Smith believes the workshop helped prepare her for college writing and set her apart from her peers in high school. “It’s helped me a lot to know professors at Denison and form connections with them — I still keep in touch with them,” she says. Smith urges interested students to apply to the workshop, even if they are hesitant. “It’s worth it,” she says.

Author Alison Stine ’00 attended the first Reynolds Workshop, and she has been a faculty member of the workshop since 2002. Now a published writer of poetry, fiction, and nonfiction, she attributes her success to the teachers and mentors she met at the workshop. Stine recalls her week as a student at the workshop fondly. “I remember meeting people my age who loved writing,” she says. “I had never met another teenager who wanted to write books.”

Stine always wanted to be a writer, and the workshop helped her see the different paths she could take. “Attending the Reynolds Workshop helped me see Denison is a great place to be a writer,” she says. Now, as a mentor herself, she is able to support students in the same ways that she was decades ago. “It’s more of a family than a job,” she says.

Another alum, Derek Mong ‘04, attended one of the first Reynolds Workshops in the summer of 1998. Now a professor of English at Wabash College, he says the Reynolds Workshop jump-started his career.

A published poet, Mong attributes his early interest in poetry to the Reynolds Workshop, and in particular, to Denison English Professor David Baker. Mong remembers Baker mentoring him and helping him critique his poetry. “The workshop taught me how to take literature and poetry seriously.”

Now an English professor himself, Mong is inspired to start something similar to the Reynolds Workshop on his campus. “We’re constantly figuring out ways to grow our major and increase interest in literature on our campus,” he says. “The Reynolds Workshop has given me a model of how to do that.”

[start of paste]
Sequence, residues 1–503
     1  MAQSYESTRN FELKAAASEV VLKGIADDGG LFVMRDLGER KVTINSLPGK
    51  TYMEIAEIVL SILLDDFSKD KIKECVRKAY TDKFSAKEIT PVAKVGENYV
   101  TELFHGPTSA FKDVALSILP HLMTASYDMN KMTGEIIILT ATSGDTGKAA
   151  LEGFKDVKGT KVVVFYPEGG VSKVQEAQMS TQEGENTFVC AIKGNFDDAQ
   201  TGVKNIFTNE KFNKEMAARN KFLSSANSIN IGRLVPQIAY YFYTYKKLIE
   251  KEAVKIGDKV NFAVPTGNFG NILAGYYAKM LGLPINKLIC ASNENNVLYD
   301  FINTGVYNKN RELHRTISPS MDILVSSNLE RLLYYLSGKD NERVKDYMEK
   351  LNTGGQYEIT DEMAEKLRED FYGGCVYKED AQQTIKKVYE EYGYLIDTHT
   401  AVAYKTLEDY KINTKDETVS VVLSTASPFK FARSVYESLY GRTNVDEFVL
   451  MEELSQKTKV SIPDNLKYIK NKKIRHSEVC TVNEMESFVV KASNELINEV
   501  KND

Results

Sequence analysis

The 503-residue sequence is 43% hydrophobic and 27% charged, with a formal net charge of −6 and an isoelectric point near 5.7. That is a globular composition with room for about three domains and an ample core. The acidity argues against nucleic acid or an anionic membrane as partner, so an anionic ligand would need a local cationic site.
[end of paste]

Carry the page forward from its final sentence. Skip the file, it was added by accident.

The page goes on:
Mong has one of the T-shirts he wore as a TA for the workshop hanging in his office, with a Marianne Moore quote inscribed on the back reading “There is a great amount of poetry in unconscious fastidiousness.”

“The workshop still matters to me a great deal,” he says. “I wouldn’t be where I am today without it. It changed my life.”

Jonathan R. Reynolds ’65

The Reynolds Workshop was launched in the summer of 1994, thanks to the generosity of Jonathan R. Reynolds ’65, a successful playwright, author, and screenwriter. Through a $1.75 million endowment, Reynolds created a Distinguished Professorship and a Playwright-in-Residence position, in addition to the Young Writers Workshop. “I hope the workshop encourages students to express themselves to the world and to each other through writing,” he says.

“It’s wonderful that creative writing has expanded at Denison,” Reynolds says, pointing to the boost provided by the rise of new technologies. “You can open any technology to see people writing and expressing themselves,” he says. “Writing lasts longer than a conversation. It’s there forever.”

Reynolds’s plays include Girls in Trouble, Dinner with Demons, and Stonewall Jackson’s House, which was nominated for a Pulitzer Prize. He is the recipient of a Rockefeller and Guggenheim Foundation grant, as well as the Dramatists Guild Flora Roberts Award for Sustained Achievement. He also wrote a bi-weekly food column for the New York Times. In 2010, his memoir, Wrestling with Gravy, was published by Random House.

Despite his achievements, Reynolds did not start his writing career until the age of 33. He urges students to find what they are passionate about and stick with it. “You have to have experiences, live in the world, and be observant no matter where you are,” he urges. “Write things down and make sense of them.”